MLB: Rays' Montreal plan 'an attempt to preserve baseball' in Tampa Bay marketTampa Bay Times — By Marc Topkin Tampa Bay Times
July 09-- CLEVELAND-MLB Commissioner Rob Manfred said the Rays' plan to play parts of future seasons in Montreal is as "an attempt to preserve" baseball in the Tampa Bay area.
But he stopped short, for now, at least, of saying it was the last and only chance for the team to stay, which top Rays officials have suggested.
"Right now I'm focused on the idea that this split-season idea that the Rays came up with is an opportunity to preserve baseball in Tampa Bay," Manfred said before Tuesday's All-Star Game. "And I'm not prepared to say one way or the other what's going to happen if and when that effort turns out to be unsuccessful."
That doesn't mean if it fails that the Rays would turn back to seeking a full-time stadium in the Tampa Bay area. (Or, as skeptics, suggest, that the plan was merely a ploy to spur those talks all along.) But it was a notably softer stand than the Rays took in their June 24 public pitch.
Principal owner Stuart Sternberg said then it was "highly unlikely" they would try again to get a new permanent home in the area, and team president Brian Auld called the Tampa Bay market "uniquely ill-suited" to support a team full time.
The plan, premised on new open-air stadiums being built in both markets and aimed for a 2024 start, faces significant hurdles for approval on multiple fronts.
That starts with the city of St. Petersburg, given a lease agreement that requires the team to play all home games at Tropicana Field through 2027. Also, whatever governmental entities are funding and backing the new stadiums in both markets.
Plus the players union, which has some significant concerns about the impact on its members and their families, as well as the game's economics.
And the other owners, who would have to agree to allow the Rays to control two markets, and also to give up Montreal as a site for future expansion, though that process won't start until the Rays and A's stadium situations are resolved.
Manfred indicated Tuesday they were OK with both issues, which may not play well to those in Montreal preferring they wait for a full-time team.
Union chief Tony Clark, who, like Manfred, met Tuesday with members of the Baseball Writers' Association of America, said it would take "a lot of time and a lot of dialogue to figure out if it's even a possibility" for the plan to work.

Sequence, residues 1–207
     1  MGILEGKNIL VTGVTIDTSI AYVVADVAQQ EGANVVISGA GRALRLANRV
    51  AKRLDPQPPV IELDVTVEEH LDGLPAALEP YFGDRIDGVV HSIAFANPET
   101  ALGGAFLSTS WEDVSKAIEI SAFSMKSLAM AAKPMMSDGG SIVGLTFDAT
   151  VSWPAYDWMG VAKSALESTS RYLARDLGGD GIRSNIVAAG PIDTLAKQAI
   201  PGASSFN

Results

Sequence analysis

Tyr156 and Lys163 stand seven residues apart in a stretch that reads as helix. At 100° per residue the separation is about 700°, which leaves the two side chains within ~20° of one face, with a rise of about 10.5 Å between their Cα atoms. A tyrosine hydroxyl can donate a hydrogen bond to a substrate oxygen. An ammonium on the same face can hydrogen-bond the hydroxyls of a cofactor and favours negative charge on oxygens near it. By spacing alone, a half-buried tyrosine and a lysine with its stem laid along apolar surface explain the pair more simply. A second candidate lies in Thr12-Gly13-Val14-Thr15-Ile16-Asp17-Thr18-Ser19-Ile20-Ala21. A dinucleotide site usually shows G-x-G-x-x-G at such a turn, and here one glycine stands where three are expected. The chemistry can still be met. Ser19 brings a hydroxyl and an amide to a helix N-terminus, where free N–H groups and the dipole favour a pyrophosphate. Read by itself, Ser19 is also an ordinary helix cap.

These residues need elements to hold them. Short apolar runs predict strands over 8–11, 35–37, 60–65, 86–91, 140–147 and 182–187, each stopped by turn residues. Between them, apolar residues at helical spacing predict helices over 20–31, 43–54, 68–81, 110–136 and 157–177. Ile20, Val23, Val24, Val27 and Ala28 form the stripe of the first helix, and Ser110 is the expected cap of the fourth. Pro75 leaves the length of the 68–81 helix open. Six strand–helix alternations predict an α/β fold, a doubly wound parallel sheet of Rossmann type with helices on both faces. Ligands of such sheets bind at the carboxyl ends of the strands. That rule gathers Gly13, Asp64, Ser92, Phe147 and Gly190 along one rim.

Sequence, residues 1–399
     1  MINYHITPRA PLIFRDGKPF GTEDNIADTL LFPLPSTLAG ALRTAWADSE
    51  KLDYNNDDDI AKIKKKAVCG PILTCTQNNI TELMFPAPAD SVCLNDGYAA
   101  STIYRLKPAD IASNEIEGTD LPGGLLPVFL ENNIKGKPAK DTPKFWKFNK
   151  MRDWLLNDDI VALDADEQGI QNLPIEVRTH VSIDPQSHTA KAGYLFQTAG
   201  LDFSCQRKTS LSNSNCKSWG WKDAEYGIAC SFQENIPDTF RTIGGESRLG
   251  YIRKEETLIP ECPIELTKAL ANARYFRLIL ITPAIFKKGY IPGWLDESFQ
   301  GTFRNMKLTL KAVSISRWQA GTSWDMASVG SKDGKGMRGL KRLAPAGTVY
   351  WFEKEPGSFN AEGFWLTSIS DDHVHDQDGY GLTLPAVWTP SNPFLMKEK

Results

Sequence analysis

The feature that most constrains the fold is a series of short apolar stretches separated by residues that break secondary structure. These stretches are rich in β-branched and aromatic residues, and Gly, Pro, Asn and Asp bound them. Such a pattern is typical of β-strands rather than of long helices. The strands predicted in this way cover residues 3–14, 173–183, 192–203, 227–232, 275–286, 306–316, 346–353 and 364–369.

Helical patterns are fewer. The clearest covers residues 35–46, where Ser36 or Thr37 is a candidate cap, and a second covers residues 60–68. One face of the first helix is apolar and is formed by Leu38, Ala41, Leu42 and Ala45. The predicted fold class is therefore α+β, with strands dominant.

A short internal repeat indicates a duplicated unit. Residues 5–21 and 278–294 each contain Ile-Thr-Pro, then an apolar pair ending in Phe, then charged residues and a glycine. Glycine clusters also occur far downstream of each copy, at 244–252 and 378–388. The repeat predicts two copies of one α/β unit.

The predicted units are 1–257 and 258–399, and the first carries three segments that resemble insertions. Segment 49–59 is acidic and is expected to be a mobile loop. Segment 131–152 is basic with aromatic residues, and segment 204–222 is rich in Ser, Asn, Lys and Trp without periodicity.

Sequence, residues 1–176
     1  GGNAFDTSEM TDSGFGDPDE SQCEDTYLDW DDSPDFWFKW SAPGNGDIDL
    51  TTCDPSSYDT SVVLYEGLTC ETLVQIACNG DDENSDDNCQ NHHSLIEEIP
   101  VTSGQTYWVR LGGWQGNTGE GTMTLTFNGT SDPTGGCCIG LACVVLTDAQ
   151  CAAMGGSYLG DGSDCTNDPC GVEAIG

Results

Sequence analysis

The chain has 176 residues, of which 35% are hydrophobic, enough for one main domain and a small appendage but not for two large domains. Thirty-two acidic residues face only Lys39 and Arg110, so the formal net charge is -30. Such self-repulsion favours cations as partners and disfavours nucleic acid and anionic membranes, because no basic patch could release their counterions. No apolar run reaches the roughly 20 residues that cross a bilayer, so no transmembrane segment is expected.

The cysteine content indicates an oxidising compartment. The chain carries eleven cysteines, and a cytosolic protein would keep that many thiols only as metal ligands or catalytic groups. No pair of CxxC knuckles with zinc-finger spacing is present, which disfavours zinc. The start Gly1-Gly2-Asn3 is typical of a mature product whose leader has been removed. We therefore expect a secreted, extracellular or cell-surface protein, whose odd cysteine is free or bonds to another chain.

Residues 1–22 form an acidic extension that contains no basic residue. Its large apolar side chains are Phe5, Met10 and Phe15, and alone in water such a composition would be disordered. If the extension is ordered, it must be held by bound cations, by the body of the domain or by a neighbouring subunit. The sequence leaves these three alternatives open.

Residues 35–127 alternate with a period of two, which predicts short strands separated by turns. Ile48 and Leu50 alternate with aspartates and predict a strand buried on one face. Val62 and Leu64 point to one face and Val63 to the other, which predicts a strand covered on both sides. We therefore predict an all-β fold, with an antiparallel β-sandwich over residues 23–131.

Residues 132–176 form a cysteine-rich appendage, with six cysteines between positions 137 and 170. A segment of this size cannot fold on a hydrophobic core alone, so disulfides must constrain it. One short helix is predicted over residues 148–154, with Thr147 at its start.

Also, as expected, they plan to have a major say in those talks.
"You have players and their families that are going to be uprooted in-season, that are going to find themselves in a different town, with exchange rates, with different costs ... " Clark told the Tampa Bay Times. "And yet still asking them to perform the way they have been, which is extraordinary.
"There are just a lot of moving pieces. Not to mention some that it would probably be beneficial to talk to the league about, which is what does that do to the revenue-sharing system. What does that do to industry economics?"
Ultimately, he said the union goal is for the franchise to be in the best position to be successful, "whether that's in Tampa or that's in St. Pete or whether that's in Montreal."
Manfred said it was too early in the exploration process "to make a judgment how likely it is to be successful."
But he provided a sense of why if the Rays can make all the details work, and show how it will make them a stronger franchise (and, thus, decrease their need for the $45 million plus they get annually in revenue sharing), that the owners would allow it.
"To address what has been an ongoing issue, I think the owners are prepared to live with the idea that they would operate in two markets," Manfred said. "It's kind of in the free lunch category. There is no such thing as a free lunch. We have an issue in Tampa, it needs to get resolved somehow. If it means we give up a potential expansion site to solidify where we are, so be it."
The Rays came to MLB with the plan last month, and got the go-ahead to explore the viability, though they need permission from St. Petersburg to delve into details and some of the logistics.
"The approval from the June owners meeting was reflective that Stu has worked really hard over a long period of time on the Tampa side and the St. Pete side to try to get something done from a stadium perspective," Manfred said. "It was sold to the owners, to the executive council as a way to preserve baseball in Tampa (Bay). That's how people saw it."
Manfred said there has been no discussion of moving the Rays out of the Tampa Bay market, which is the 11th largest TV market in the U.S. He noted baseball's "long-standing policy of franchise stability."
Manfred has repeatedly said in the past the market can support a team with a new stadium in a different location. Asked about Auld's "ill-suited" comment, Manfred said, "That's a temporal judgment, right? At a point in time, is it ill-suited?" Asked how serious he thought Sternberg was about the plan, Manfred told the Times, "I think he's trying to make it work."
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